What is a Limited Service Bank?

A limited service bank is any form of a banking business institution that is located separately from the bank's main location. Banks may offer separate services from what they offer at their main facility, or between the other branches.

Key Takeaways

  • Some institutions are self-regulating and determine the types of services and products offered at their locations and the time frames in which they are available based off of their bank charter.
  • A limited service bank may have a separate location for taking deposits, where they do not allow their products and services to be sold. These are different from full-service banks, which offer all services and products across all locations.
  • Automated Teller Machines (ATMs) act a lot like limited service banks. Consumers can deposit and withdraw monies at ATM locations that are offsite from the main branch locations.

How a Limited Service Bank Works

A limited service bank can offer limited options by choice. Some institutions are self-regulating and determine the types of services and products offered at their locations and the time frames in which they are available based off of their bank charter. These types of banks may specialize in specific products, such as credit lines or personal loans, and may not wish to expand beyond those products across all locations.

They could be also limited by the laws in their state. These regulations are more common in the Midwest and Southwest of the U.S., where banks are more limited on the number of branches they can have that offer full services. This is to prevent a banking monopoly in more rural areas where communities could be better serviced by smaller institutions. These are called unit banks or unit states.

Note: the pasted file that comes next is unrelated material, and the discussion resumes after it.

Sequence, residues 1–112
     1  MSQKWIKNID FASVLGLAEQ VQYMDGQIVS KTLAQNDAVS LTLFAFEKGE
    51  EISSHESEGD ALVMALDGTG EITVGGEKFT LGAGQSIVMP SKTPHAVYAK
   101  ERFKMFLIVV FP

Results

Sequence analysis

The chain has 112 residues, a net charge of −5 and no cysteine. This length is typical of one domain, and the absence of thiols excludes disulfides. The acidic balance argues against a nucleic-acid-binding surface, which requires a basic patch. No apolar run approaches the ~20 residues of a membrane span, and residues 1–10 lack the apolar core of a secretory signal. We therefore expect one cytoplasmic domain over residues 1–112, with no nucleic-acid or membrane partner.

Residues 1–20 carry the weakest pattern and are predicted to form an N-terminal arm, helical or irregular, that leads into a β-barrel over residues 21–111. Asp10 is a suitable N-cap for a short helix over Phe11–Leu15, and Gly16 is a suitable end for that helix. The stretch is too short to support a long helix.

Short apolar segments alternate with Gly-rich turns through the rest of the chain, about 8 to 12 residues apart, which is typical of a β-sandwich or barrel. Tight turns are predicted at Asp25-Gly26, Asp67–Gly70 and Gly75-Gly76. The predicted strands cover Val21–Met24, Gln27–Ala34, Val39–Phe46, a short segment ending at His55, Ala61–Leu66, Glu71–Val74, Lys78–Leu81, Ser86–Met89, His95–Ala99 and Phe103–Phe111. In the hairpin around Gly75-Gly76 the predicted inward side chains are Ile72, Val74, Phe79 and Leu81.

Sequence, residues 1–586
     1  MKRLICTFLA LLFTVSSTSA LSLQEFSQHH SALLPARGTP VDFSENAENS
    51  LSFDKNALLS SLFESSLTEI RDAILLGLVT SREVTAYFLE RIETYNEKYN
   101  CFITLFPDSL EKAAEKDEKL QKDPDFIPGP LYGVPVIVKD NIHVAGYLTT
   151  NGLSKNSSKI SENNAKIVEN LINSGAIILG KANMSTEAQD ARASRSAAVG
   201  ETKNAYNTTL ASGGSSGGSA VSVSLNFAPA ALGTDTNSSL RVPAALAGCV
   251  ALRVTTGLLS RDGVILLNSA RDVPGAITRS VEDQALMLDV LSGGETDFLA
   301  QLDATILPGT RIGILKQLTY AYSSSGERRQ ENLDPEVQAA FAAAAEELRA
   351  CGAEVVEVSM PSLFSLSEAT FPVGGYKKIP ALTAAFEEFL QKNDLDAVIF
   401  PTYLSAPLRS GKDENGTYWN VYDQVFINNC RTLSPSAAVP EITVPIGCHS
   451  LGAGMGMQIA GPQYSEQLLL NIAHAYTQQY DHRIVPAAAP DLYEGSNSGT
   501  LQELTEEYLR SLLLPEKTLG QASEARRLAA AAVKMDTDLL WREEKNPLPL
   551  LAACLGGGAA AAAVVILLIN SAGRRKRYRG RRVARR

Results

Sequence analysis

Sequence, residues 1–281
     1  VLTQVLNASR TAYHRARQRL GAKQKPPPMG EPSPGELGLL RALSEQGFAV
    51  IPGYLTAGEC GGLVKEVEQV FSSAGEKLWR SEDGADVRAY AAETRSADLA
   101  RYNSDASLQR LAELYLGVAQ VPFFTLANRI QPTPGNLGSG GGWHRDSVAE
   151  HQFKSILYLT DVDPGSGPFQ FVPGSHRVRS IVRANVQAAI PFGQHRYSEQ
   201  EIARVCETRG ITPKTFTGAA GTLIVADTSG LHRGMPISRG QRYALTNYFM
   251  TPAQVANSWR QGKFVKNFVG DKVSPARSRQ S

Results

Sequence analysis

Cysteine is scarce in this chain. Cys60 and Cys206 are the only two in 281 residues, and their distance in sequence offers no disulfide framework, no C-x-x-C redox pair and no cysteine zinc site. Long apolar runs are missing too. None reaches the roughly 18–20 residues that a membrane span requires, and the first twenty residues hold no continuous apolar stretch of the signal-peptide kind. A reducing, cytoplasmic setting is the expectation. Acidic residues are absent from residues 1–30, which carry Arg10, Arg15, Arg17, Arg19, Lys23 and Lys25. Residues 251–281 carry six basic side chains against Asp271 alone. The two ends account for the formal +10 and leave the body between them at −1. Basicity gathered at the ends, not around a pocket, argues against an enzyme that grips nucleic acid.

A limited service bank may have a separate location for taking deposits, where they do not allow their products and services to be sold. These are different from full-service banks, which offer all services and products across all locations.

Bank ATMs

Automated Teller Machines (ATMs) act a lot like limited service banks. Consumers can deposit and withdraw monies at ATM locations that are offsite from the main branch locations. Users can also check their balances and even pay bills (mortgage or loans) from the ATM, and transfer funds from one account to another.

ATMs offer convenience for those traveling abroad. Making withdrawals in another currency often comes with additional fees like a "surcharge" and "foreign ATM" fees.

Example of a Limited Service Bank

For example, say that the hypothetical Money Bank, U.S. has 10 branches across Southeastern Pennsylvania. At every location you can make a deposit, cash a check and apply for a home mortgage. When they run a promotional offer crediting new account holders $20 towards ordering checks, the promotion runs throughout all of their 10 branches. A customer could walk into any branch and receive all the same services, at the same time. This is a full-service bank.

Now take the hypothetical U.S. Coin Bank, an Iowa-based bank that also has 10 branches across the state. When a customer goes to the branch in Cedar Falls, they can only cash checks if they are a current account holder. A customer who wants to apply for a mortgage with U.S. Coin Bank wouldn’t be able to do it at the Cedar Falls branch, but would instead need to travel to the Cedar Rapids branch to do so. Furthermore, they would need to travel to the branch in Carbon if they wanted to take out a credit card. This is an example of a limited service bank.